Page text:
Research Departments & Organizations
We are interested in understanding how the structure of glutamate receptors determines their kinetic behavior. A combination of patch-clamp recording of macroscopic and single-channel currents and X-ray crystallography is employed to elucidate the major conformational changes that translate neurotransmitter binding into ion channel opening and receptor desensitization. Experimental and simulation studies are designed to determine the role of receptor kinetics in shaping synaptic transmission in the brain.
Specialized Terms: Glutamate receptors
Extensive Research Description
Ionotropic glutamate receptors (iGluRs) are protein complexes that form an ion channel in the cell membrane and localize to synapses where they are opened in response to glutamate binding. About 75% of the 100 trillion synaptic connections in the mammalian brain use glutamate-gated ion channels to evoke EPSCs in the postsynaptic cell and human synapses can faithfully follow presynaptic firing at rates of hundreds of action potentials per second. Our lab uses a combination of fast, piezoelectric-controlled, glutamate application to outside-out membrane patches and analysis of data from single receptor molecules to mimic synaptic transmission and study the kinetics of iGluRs.
Over the past decade, often in collaboration with Susumu Tomita (Yale), much of our work has been on modulation of iGluR gating by auxiliary subunits. We showed that the type I TARP stargazin (γ‑2) modulates both ensemble and single-channel currents through AMPARs via protein-protein interactions that depend on its first extracellular domain; showed that the four type I TARPs (Transmembrane AMPA Receptor Proteins) comprise two subfamilies (γ‑2, γ-3 and γ-4, γ-8) which lower the activation energy for channel opening and modulate synaptic currents to different extents. Together with the Tomita lab, we identified the first auxiliary subunit for kainate receptors (Neto2) and showed that it modulated kainate receptor function by slowing entry into desensitization and speeding recovery from it.
Recent work on TARPs demonstrated that TARP modulation of AMPA receptor gating is dynamic and altered by receptor stimulation; the physical interaction of TARPs with pore-forming subunits alters the conformation of the iGluR ligand-binding domain; and TARPs promote a unique gating mode, characterized by long bursts of openings to the largest open levels, that underlies the slow exponential component in the decays of ensemble currents, a feature that is the hallmark of TARP modulation. In addition to our ongoing work with the Tomita lab, we have active collaborations with the laboratories of Vasanthi Jayaraman (UT Houston), Flora Vaccarino (Yale), and Céline Auger (Univ Paris).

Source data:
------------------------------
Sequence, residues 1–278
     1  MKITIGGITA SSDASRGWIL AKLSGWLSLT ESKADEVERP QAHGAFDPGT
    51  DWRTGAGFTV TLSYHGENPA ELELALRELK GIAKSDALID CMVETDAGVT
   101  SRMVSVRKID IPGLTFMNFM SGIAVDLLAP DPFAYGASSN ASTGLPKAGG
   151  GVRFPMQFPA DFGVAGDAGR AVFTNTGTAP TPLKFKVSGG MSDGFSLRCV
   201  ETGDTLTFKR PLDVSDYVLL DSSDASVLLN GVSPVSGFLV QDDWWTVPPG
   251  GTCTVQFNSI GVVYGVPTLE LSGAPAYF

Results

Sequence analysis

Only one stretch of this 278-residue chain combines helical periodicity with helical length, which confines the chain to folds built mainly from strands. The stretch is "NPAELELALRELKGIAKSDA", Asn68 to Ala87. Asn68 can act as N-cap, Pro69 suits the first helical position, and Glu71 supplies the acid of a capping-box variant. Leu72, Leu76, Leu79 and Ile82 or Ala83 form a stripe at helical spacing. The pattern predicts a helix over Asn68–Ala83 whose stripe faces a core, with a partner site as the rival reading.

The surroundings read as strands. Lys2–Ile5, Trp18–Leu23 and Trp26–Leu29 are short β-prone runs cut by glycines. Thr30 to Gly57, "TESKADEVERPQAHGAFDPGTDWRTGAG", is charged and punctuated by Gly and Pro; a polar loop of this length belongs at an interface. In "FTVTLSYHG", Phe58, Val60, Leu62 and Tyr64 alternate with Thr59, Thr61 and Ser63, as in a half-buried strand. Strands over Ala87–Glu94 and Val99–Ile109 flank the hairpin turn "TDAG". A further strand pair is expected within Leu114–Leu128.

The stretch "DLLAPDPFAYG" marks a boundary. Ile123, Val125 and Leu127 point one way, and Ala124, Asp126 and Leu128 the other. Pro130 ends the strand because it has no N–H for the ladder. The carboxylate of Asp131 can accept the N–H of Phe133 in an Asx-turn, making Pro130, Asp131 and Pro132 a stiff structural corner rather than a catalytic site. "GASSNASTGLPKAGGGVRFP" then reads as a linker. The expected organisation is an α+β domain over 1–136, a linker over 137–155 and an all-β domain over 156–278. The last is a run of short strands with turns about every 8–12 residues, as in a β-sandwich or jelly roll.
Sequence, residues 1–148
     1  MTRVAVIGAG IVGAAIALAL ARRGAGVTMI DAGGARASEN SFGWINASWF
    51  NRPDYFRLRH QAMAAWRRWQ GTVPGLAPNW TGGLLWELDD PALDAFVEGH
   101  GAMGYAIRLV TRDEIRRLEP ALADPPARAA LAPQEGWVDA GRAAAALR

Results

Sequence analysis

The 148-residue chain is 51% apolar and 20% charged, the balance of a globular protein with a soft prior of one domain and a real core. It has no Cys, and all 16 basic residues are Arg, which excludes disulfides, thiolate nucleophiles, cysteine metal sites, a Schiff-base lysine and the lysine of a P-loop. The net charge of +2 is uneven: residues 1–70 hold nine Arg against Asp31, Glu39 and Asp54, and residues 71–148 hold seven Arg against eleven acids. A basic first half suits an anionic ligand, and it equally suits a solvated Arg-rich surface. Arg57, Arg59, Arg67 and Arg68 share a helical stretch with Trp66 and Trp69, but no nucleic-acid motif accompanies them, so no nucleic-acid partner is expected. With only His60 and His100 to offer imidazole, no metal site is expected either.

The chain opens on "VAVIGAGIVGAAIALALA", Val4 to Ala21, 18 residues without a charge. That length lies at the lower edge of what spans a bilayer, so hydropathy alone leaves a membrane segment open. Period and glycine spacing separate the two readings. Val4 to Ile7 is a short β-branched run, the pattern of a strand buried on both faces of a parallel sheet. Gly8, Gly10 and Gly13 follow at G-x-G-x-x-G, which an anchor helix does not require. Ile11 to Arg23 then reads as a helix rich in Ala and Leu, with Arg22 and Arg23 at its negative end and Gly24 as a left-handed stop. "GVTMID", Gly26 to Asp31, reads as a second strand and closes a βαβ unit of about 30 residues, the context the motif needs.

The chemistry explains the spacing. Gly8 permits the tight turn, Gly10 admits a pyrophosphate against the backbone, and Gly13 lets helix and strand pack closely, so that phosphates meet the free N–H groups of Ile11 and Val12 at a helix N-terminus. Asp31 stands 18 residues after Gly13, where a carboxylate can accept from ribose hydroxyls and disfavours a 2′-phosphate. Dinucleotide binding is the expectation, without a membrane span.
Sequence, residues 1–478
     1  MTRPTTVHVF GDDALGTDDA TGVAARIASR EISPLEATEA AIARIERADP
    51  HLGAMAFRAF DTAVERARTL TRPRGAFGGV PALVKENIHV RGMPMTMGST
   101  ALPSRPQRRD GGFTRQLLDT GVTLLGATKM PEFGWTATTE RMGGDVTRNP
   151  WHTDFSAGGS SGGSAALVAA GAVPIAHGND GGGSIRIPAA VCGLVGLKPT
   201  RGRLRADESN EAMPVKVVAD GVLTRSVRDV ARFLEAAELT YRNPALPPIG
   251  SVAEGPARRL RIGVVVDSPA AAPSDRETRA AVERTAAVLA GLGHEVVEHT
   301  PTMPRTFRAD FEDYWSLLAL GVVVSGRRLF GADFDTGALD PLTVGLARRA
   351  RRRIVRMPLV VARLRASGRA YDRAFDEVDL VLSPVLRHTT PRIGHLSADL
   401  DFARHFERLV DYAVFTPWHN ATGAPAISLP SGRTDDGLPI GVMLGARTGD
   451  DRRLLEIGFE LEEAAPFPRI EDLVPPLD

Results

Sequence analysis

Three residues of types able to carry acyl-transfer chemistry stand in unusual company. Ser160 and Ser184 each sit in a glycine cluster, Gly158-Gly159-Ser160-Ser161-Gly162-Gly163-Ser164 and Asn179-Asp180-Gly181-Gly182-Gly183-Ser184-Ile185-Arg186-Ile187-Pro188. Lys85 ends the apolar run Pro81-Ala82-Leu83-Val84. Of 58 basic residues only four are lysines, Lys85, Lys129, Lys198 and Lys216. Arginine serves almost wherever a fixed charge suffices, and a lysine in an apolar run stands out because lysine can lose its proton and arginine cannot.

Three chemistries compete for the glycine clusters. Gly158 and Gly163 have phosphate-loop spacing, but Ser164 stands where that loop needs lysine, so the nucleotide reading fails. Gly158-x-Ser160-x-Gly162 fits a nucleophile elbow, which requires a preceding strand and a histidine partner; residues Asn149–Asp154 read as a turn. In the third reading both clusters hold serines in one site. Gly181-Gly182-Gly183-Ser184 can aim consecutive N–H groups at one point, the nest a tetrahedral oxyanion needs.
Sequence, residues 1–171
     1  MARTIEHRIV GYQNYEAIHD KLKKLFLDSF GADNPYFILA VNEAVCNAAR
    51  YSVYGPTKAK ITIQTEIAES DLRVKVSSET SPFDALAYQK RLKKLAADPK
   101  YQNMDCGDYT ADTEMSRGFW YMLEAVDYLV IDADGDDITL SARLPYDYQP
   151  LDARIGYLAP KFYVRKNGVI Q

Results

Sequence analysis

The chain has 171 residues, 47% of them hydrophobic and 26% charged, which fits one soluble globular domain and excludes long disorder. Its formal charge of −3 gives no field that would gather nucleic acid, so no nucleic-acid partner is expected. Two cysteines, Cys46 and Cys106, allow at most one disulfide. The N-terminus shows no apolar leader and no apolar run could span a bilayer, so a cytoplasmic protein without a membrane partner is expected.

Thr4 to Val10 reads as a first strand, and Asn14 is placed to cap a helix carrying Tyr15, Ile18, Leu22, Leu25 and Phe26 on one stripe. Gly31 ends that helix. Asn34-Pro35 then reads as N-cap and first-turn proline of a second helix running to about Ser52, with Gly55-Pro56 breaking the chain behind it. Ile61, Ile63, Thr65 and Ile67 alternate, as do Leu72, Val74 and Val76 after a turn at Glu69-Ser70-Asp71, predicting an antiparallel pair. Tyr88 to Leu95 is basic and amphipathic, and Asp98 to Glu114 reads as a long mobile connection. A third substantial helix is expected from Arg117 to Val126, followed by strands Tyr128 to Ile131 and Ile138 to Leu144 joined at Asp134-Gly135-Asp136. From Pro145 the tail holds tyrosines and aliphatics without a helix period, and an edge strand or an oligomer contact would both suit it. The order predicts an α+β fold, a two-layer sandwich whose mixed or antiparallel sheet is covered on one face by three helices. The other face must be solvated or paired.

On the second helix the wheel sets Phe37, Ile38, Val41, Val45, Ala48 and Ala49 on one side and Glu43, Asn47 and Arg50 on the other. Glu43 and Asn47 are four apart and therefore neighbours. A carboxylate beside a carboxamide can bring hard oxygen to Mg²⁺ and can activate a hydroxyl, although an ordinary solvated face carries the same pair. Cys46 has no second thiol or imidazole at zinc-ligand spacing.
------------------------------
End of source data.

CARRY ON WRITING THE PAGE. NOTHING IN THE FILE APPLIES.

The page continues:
Train stimulation of parallel fibre to Purkinje cell inputs reveals two populations of synaptic responses with different receptor signatures.
Devi SP, Howe JR, Auger C. Train stimulation of parallel fibre to Purkinje cell inputs reveals two populations of synaptic responses with different receptor signatures. The Journal Of Physiology 2016, 594:3705-27. 2016
Modulation of non-NMDA receptor gating by auxiliary subunits.
Howe JR. Modulation of non-NMDA receptor gating by auxiliary subunits. The Journal Of Physiology 2015, 593:61-72. 2015
FOXG1-Dependent Dysregulation of GABA/Glutamate Neuron Differentiation in Autism Spectrum Disorders.
Mariani J, Coppola G, Zhang P, Abyzov A, Provini L, Tomasini L, Amenduni M, Szekely A, Palejev D, Wilson M, Gerstein M, Grigorenko EL, Chawarska K, Pelphrey KA, Howe JR, Vaccarino FM. FOXG1-Dependent Dysregulation of GABA/Glutamate Neuron Differentiation in Autism Spectrum Disorders. Cell 2015, 162:375-390. 2015
Stargazin promotes closure of the AMPA receptor ligand-binding domain.
MacLean DM, Ramaswamy SS, Du M, Howe JR, Jayaraman V. Stargazin promotes closure of the AMPA receptor ligand-binding domain. The Journal Of General Physiology 2014, 144:503-12. 2014
Auxiliary proteins promote modal gating of AMPA- and kainate-type glutamate receptors.
Zhang W, Devi SP, Tomita S, Howe JR. Auxiliary proteins promote modal gating of AMPA- and kainate-type glutamate receptors. The European Journal Of Neuroscience 2014, 39:1138-47. 2014